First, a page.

Each year Art Educators of Iowa and the Iowa Arts Council host a juried show to celebrate Youth Art Month. Youth Art Month is celebrated nationally during the month of March to highlight the importance of art and arts education programs across the country. Each member of AEI can select ten artworks to represent their school at the judging.
An artwork from each student on our team was sent to state. Judging took place in January and three students from Clarke had work accepted into the 2017 Youth Art Month Show. Jessica Vazquez (11), Alena Allen (10), and Lauren Mickle (8) will have their artwork on display with over 200 other pieces of student work from across Iowa.
A reception will be held on Saturday, March 25th at the Johnson Wellness Center at Grandview University (1500 Morton Ave, Des Moines). You are invited to attend to celebrate their achievement. Registration and activities will begin at 1 PM, and the awards ceremony will begin at 2 PM.
The Youth Art Month show will be on display at Grandview University’s Rassmussen Center (2800 E 14th St) beginning March 10 until the celebration is complete.
If you are in Des Moines, stop by to visit the show and see their work as well as some of the best K-12 artwork from across the state!
FCCLA members, Brittany Beckett and Shelby Kentner, are competing in the STAR (Students Taking Action with Recognition) Event category National Programs in Action. For their project, they set a goal of teaching a minimum of three lessons to 3rd graders. They taught the kids about MyPlate, healthy nutrition, and helped the kids learn how to make healthy snacks. The kids really enjoyed having Brittany and Shelby come to class, and they loved making the healthy snacks!
NATIONAL TEEN DRIVER SAFETY WEEK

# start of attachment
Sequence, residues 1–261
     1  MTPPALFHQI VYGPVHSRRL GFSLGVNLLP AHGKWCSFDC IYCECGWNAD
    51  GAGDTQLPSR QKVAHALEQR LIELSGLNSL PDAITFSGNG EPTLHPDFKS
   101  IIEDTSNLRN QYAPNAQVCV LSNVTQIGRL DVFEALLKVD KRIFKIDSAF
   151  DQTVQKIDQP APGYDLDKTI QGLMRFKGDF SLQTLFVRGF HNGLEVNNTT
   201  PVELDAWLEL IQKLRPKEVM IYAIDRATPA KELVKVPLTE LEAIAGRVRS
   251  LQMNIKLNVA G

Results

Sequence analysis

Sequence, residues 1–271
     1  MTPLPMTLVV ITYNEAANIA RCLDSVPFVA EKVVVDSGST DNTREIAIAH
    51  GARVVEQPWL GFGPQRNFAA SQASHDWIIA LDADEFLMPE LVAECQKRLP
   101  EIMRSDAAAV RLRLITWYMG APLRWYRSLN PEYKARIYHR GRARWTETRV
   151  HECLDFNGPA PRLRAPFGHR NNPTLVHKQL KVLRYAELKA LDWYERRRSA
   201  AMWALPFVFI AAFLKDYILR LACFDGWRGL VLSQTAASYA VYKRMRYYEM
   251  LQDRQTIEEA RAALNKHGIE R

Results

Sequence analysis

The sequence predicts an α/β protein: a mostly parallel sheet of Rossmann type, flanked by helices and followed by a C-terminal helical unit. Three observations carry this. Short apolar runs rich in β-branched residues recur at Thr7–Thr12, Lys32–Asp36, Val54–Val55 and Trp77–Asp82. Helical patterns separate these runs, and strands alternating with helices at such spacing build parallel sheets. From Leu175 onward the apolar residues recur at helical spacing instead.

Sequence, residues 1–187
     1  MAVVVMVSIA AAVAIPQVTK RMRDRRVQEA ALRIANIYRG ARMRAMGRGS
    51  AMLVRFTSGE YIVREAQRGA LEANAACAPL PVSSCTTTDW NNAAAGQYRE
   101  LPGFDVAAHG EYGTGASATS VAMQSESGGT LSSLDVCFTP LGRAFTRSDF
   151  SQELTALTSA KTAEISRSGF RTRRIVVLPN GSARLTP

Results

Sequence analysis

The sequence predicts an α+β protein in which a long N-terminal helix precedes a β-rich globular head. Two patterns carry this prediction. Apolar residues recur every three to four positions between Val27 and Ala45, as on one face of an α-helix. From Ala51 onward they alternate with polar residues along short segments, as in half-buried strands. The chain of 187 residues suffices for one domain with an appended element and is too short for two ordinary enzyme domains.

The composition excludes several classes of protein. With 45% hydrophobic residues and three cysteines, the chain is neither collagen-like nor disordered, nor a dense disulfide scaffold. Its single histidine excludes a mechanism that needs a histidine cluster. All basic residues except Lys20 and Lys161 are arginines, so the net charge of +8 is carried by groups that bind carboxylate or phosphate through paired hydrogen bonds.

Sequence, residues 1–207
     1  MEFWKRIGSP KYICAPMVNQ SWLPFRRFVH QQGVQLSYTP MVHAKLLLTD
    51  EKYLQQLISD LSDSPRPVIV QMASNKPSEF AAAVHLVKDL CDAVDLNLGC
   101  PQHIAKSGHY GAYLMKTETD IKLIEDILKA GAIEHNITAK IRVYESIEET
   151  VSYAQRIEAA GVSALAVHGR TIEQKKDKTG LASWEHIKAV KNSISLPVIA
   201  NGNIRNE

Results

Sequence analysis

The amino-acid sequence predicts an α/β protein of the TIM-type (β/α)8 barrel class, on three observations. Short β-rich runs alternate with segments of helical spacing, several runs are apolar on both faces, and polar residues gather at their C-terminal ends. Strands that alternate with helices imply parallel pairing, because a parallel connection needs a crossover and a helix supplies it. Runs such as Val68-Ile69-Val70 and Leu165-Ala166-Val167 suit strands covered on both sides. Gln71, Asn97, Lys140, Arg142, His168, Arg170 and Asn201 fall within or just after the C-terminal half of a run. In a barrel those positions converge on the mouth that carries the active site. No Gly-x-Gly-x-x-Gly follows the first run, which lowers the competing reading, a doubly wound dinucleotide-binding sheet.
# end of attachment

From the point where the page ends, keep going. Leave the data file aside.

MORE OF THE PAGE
October 16-22, 2016
Des Moines, IOWA – Today’s youth are busier and more engaged than ever. Unfortunately, this also means they have more things to distract them, especially while they are driving. Iowa’s young drivers travel many miles over local, state and interstate highways. Many of these miles are before and after school as well as late at night after work or sporting events, in all kinds of weather.
October 16-22, 2016, is dedicated to raising awareness and seeking solutions to unnecessary teen deaths on the road. National Teen Driver Safety Week was established by Congress in 2007 and is held annually on the third week of each October, its goal is to focus the country’s attention on this serious issue. In Iowa, the Governor’s Traffic Safety Bureau is asking law enforcement, parents, educators and other influencers to be vigilant in helping keep our youth safe through the awareness, experience and education of teen drivers.
Motor vehicle crashes are the leading cause of death for 14-18 year olds in the US. In fact, in 2014, there were 2,614 teen passenger vehicle drivers (15-19 years old) involved in fatal crashes and an estimated 130,000 were injured. Older teen drivers (ages 18-20) are twice as likely as young teen drivers (ages 15-17) to be involved in fatal crashes between midnight and 6:00 a.m. Yet, a recent survey shows that only 25% of parents have had a serious talk with their kids about the key components of driving. Parents need to take the time to talk with their kids about the many dangers of driving even as their teen gets older and gains more driving experience. Those dangers include alcohol, not wearing seat belts, texting, speeding, and extra passengers.